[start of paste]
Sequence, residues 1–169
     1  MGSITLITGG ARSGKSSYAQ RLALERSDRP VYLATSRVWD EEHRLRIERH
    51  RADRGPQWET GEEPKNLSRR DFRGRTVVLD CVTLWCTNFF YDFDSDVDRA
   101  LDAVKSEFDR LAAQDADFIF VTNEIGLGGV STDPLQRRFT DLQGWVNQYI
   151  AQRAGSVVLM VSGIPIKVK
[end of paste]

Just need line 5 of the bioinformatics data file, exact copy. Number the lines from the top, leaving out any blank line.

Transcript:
   151  AQRAGSVVLM VSGIPIKVK